U U B US
by Greg Beatty
“Buy you a drink?” he said.
“Buy me a drink?” she said.
“Jinx,” they said together.
“Ji–” they started to say again. Then they both laughed, nervous at having exposed their need to be human. He turned away, to order her drink. She turned forward, to play at tucking her perfect hair behind her ears.
“So,” he said, sliding the dirty martini towards her.
“Nice,” she said, sipping it. “You seem to know exactly what I need.”
He smiled, confidently back on script again. “I know what everyone needs.”
Her smile turned edged. “What about you? What do you want?”
He looked away; he looked sad. She followed his gaze, till both of them were looking at the room behind them in the mirror before them. When he spoke again, his voice was so low that she had to lean close to hear him over the bar noise.
“Sometimes,” he said, his words floating to her on a hellish wash of body heat, “I feel like what I want, all I want, is that desperate, intense other. That I want her, the entire howling string of hers, so badly, so baldly, that there is no me.”
He smiled then. His curved lips were bitter. For himself? Or for the blown conquest? He went on. “But you can’t know what that’s like.”
“Can’t I?” she asked. “To be driven from man to man by a hunger so intense that you are invisible in broad daylight. Like there’s just them and the hunger. No you. And then they’re gone, and there’s just the hunger.”
Naked again, they looked away, clutching at the script, trying to read their prey’s eyes in the mirror, only to realize that each was as reflection free as the other.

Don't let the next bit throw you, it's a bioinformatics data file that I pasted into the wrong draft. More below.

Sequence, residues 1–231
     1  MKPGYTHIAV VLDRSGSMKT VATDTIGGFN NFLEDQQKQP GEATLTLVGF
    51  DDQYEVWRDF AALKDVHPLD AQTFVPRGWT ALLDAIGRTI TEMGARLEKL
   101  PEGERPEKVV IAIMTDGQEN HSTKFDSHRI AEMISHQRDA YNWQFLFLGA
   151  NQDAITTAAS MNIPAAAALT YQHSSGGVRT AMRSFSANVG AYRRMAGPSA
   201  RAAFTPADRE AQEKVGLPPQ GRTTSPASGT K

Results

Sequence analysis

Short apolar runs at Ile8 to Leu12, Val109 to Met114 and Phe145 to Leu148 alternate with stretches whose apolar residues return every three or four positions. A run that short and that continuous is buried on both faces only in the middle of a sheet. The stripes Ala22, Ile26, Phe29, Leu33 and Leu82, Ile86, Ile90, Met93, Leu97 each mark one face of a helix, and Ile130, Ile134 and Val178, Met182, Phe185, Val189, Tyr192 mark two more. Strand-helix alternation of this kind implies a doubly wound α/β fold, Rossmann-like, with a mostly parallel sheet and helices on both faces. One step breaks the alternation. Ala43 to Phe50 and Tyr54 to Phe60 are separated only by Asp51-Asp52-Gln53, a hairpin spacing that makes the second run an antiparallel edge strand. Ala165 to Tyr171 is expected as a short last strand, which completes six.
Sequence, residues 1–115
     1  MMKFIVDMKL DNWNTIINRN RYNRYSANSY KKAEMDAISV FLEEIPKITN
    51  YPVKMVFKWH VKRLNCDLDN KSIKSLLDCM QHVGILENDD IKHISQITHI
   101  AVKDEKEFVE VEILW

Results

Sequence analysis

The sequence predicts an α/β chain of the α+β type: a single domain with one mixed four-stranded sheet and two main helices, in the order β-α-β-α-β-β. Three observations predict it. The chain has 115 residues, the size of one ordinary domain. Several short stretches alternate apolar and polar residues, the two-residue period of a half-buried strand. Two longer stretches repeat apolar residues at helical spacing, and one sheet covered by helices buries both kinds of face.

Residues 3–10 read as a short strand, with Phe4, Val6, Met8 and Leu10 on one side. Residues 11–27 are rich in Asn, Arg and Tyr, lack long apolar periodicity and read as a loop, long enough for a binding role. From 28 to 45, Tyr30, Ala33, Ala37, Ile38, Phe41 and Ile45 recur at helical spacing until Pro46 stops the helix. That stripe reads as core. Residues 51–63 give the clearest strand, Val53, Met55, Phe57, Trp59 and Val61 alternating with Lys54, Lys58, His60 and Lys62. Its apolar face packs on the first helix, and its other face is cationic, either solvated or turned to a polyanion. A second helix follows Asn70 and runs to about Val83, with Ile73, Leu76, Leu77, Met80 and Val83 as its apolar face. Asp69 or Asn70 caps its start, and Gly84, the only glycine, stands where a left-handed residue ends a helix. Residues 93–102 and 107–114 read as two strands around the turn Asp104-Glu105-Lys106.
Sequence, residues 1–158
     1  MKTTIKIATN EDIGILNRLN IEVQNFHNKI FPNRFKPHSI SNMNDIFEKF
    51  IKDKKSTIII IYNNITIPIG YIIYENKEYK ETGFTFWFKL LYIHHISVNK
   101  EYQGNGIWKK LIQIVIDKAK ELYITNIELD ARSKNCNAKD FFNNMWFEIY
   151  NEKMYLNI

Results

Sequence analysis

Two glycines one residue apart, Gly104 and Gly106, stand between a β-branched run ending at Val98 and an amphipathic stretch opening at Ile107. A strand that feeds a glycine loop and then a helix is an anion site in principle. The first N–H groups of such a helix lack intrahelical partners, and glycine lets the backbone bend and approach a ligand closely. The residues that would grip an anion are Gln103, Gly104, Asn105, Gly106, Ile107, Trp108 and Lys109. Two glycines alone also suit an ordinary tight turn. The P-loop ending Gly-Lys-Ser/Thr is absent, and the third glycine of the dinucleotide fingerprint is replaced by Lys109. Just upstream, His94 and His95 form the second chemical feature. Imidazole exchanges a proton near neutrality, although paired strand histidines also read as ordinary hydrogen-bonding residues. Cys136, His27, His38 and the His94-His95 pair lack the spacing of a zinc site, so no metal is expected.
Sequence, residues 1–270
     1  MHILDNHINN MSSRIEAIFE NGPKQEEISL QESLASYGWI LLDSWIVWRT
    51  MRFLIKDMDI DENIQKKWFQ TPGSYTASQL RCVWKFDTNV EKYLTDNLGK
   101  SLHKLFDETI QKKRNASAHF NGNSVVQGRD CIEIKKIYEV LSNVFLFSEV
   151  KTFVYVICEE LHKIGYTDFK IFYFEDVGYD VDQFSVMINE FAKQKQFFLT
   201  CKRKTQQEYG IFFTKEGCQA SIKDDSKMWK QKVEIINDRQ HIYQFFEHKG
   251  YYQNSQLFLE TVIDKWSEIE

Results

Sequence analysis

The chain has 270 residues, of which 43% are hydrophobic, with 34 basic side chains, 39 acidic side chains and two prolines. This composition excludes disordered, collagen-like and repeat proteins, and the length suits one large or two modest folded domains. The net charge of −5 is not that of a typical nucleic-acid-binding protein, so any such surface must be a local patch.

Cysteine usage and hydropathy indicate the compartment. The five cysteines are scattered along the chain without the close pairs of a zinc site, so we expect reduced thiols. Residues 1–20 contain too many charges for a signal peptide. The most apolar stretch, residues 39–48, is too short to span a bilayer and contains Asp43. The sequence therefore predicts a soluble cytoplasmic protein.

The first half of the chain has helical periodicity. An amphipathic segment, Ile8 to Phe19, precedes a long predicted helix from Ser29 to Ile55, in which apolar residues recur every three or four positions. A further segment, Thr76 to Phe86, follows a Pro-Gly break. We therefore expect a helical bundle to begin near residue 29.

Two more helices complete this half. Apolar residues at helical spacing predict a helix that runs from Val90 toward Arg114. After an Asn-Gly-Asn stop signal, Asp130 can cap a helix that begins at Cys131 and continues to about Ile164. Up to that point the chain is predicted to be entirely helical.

She dipped one unnaturally strong nail in her drink and wrote an irregular “succubus” on the bar in gin. He dipped an equally supernal nail in the drink, and wrote “incubus” in turn.
The letters were distinct at the beginning, beside one another at the middle, and overlapping at the end. He leaned in to breathe upon the early letters. They dried up and faded away, like human understanding.
She read the results like a clue. Or an incantation. “U U B US,” she said slowly.
“Two yous BE us,” he said.
“Jinx,” he agreed. And the two immortal creatures of lust got their things and went home, to his place, to her place, to their place, where they lay beside one another content and intact, two selves in ecstatic relaxation, without any desire at all. Where they lived happily, ever, ever after.
Greg Beatty attended Clarion West in the summer of 2000. He’s had a number of short stories accepted since then. (For more information on his writing, visit his website) He supports his writing habit by teaching for the University of Phoenix Online. When he’s not at his computer, he enjoys cooking and practicing martial arts.
Art Director: Bonnie Brunish